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Matthew Wade was the hero in Australia's extraordinary semi-final victory over Pakistan at the T20 World Cup on Thursday night.
But the veteran batter admitted after the match that he thought he'd played his last game for Australia.
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In a double-sided showing of his complete transformation, Wade helped Australia stabilise from 5-96 before powering them home late alongside Marcus Stoinis.
His final 33 runs came off just eight balls, with three-straight sixes sealing the win with an over to spare.
Wade's heroics were a sign of how he has learnt to score fast outside of the powerplay in the lower order.
But beyond that, he is an unlikely member of Australia's T20 squad.
His days as an Australian player looked over when he was dropped before the 2017-18 Ashes, while he also went three years without playing an international T20.
He managed to fight his way back into the Aussie side as a specialist batsman in all three formats, before recently falling out of the Test XI.
And at age 33 and with that in mind, Wade is now realistic that every series could be his last.
"I was a little bit nervous coming into the game and knowing potentially it could be the last opportunity to represent Australia," Wade admitted.
"I just wanted to do well and really wanted us to win this game, give us an opportunity to win the whole thing.
"(The final) might be my last game too. As I've said in the past, I'm comfortable with it.
"I'm sure when I get the tap on the shoulder, I'll look back on the last three or four years and be proud of the way I could come back."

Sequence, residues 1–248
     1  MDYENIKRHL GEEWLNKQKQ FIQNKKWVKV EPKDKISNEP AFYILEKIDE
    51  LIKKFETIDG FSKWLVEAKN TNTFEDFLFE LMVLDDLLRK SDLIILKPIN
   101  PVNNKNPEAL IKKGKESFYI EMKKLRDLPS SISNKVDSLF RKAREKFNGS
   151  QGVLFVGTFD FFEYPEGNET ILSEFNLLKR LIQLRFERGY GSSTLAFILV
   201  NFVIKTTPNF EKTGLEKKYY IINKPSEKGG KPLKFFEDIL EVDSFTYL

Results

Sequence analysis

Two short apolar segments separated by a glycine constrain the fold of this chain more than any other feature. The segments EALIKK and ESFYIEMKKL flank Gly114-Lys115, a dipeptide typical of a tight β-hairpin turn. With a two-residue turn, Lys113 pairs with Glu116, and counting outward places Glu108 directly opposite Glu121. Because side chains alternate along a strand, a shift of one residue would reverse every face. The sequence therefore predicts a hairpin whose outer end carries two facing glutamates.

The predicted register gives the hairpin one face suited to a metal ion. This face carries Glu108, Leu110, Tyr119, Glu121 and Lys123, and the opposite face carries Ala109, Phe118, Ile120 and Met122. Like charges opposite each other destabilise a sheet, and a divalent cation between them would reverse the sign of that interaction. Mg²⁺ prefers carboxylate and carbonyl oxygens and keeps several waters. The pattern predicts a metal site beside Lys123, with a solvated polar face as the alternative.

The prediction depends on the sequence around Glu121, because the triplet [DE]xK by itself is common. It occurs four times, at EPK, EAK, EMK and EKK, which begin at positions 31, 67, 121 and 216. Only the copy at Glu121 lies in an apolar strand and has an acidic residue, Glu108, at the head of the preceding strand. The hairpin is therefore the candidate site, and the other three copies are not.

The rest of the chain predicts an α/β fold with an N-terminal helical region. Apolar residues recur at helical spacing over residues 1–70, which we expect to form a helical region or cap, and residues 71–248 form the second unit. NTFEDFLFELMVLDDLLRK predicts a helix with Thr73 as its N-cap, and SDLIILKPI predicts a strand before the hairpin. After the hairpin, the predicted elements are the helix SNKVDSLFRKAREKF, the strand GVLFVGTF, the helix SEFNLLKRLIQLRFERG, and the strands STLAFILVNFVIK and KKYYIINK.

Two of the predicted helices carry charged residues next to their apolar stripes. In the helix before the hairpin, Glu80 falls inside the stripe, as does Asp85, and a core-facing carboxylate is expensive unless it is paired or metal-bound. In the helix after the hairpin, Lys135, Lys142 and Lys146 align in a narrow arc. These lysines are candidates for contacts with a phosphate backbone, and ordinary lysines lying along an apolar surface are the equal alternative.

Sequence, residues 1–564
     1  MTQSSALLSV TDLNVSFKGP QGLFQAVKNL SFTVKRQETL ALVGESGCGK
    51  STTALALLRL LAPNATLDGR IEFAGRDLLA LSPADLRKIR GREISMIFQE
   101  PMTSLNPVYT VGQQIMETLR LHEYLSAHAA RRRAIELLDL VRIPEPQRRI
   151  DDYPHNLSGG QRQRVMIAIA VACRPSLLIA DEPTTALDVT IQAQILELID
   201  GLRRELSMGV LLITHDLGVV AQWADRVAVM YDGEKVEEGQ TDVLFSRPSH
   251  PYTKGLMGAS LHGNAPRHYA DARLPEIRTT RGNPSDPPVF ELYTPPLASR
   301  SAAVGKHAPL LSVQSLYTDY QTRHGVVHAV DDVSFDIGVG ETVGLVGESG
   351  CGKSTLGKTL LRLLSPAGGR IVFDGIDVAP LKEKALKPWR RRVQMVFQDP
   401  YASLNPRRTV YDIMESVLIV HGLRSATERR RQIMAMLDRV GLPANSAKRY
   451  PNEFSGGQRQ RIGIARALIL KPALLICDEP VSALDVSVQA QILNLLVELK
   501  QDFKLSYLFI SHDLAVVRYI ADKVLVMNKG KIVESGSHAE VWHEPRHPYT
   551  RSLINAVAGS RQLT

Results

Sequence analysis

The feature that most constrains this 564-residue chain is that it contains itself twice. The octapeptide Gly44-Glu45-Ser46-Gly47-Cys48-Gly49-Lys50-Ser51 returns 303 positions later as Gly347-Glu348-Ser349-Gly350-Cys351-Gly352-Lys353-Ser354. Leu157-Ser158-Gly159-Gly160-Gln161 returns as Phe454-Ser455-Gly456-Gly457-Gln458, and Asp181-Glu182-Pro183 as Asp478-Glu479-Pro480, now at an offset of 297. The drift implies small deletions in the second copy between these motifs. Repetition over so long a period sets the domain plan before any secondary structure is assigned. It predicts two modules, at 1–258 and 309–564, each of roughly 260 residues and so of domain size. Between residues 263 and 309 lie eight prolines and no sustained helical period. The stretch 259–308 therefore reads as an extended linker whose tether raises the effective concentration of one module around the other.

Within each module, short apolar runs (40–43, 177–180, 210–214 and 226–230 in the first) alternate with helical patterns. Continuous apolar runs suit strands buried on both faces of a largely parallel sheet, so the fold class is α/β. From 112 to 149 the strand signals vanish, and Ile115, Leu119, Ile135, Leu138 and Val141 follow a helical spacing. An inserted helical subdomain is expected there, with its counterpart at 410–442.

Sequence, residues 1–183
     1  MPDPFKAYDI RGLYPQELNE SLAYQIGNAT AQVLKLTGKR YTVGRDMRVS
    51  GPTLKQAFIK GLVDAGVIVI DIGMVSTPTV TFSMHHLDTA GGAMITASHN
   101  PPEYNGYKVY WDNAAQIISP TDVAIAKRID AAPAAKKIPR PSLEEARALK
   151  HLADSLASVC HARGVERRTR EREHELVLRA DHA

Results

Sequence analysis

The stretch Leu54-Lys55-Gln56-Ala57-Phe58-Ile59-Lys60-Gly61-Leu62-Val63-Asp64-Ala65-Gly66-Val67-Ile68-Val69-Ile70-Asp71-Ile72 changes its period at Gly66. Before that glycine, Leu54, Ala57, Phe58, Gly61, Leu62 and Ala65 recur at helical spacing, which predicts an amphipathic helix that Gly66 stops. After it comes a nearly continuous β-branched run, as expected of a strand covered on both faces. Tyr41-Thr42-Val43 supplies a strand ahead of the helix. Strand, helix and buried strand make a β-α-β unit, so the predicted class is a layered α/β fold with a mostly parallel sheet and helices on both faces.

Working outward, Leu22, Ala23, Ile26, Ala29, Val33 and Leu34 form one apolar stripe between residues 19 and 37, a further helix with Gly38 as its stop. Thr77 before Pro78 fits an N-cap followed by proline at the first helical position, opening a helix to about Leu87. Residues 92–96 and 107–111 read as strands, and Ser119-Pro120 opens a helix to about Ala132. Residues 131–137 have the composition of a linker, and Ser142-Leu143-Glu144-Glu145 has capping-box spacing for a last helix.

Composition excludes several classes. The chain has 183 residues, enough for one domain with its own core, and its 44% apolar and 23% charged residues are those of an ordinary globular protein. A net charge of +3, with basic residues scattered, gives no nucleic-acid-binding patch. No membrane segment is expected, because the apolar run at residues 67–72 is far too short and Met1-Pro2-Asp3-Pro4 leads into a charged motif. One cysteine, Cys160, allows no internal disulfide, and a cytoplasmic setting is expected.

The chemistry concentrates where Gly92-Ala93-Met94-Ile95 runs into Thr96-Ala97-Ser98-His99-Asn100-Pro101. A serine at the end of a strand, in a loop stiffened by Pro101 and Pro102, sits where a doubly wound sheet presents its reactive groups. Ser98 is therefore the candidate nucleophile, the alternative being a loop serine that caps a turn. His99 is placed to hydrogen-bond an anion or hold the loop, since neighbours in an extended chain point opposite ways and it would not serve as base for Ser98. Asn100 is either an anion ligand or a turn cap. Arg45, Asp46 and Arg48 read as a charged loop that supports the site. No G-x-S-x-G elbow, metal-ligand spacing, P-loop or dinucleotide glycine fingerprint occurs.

Matthew Wade learning to bat outside the powerplay
Wade joked that he'd probably been dropped more than any other Australian player.
But his run of form in the middle order should be enough to ensure he staves off the axe for another year and is part of Australia's home T20 World Cup campaign next year.
With Australia's lack of finishers apparent, Wade entered this World Cup with a strike-rate of 94.11 when batting outside the top four, compared to 145.12 in it.
His rate of boundaries had also dropped from one-in-every-five balls to one-in-every-14 when batting fifth or below with no powerplay.
But he has now won two games for Australia while batting alongside Stoinis at No.7.
Part of that has been his willingness to adapt, using ramp shots to open up the field and even winning the game with two of them on Thursday night.
He has also taken up extra net sessions, training on optional days to make up for less time in the middle.
"It's confidence, I think," Wade said.
"Confidence in your ability to be able to finish the game. To be able to bat with Marcus has been awesome.
"And it's communication too. It's been a lot of fun, trying to keep calm probably the biggest thing towards the back end."
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